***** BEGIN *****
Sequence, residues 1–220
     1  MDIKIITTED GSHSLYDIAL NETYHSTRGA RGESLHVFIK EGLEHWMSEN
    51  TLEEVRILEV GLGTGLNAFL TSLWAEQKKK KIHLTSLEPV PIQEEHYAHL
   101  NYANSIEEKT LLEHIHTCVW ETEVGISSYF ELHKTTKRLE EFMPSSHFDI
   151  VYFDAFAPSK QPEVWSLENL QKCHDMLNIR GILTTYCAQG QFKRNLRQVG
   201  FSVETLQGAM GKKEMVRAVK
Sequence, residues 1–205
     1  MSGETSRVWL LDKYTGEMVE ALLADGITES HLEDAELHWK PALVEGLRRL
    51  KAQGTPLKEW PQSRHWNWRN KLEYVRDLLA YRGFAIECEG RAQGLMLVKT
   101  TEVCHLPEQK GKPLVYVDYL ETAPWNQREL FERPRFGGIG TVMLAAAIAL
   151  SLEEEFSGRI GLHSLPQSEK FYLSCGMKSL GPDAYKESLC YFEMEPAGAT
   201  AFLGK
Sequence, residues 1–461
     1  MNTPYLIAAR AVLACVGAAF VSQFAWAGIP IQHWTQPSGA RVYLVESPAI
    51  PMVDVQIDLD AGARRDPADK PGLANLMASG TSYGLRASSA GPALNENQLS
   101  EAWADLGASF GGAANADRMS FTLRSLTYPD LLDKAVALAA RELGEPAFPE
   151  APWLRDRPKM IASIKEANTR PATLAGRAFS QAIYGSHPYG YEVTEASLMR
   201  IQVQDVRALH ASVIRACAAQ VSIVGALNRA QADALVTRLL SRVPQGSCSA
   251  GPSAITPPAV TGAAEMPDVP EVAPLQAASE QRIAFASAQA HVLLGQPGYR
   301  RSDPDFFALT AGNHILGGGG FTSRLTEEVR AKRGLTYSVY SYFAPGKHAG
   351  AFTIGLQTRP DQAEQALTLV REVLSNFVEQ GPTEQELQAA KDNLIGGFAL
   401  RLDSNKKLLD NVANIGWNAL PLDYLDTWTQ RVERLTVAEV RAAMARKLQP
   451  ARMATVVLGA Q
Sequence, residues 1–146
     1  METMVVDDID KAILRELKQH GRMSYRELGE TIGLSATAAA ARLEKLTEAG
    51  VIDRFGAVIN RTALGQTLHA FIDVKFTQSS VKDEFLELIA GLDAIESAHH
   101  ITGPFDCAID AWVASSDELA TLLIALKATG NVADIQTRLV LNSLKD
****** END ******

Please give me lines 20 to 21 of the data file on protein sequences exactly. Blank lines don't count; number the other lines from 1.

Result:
   301  RSDPDFFALT AGNHILGGGG FTSRLTEEVR AKRGLTYSVY SYFAPGKHAG
   351  AFTIGLQTRP DQAEQALTLV REVLSNFVEQ GPTEQELQAA KDNLIGGFAL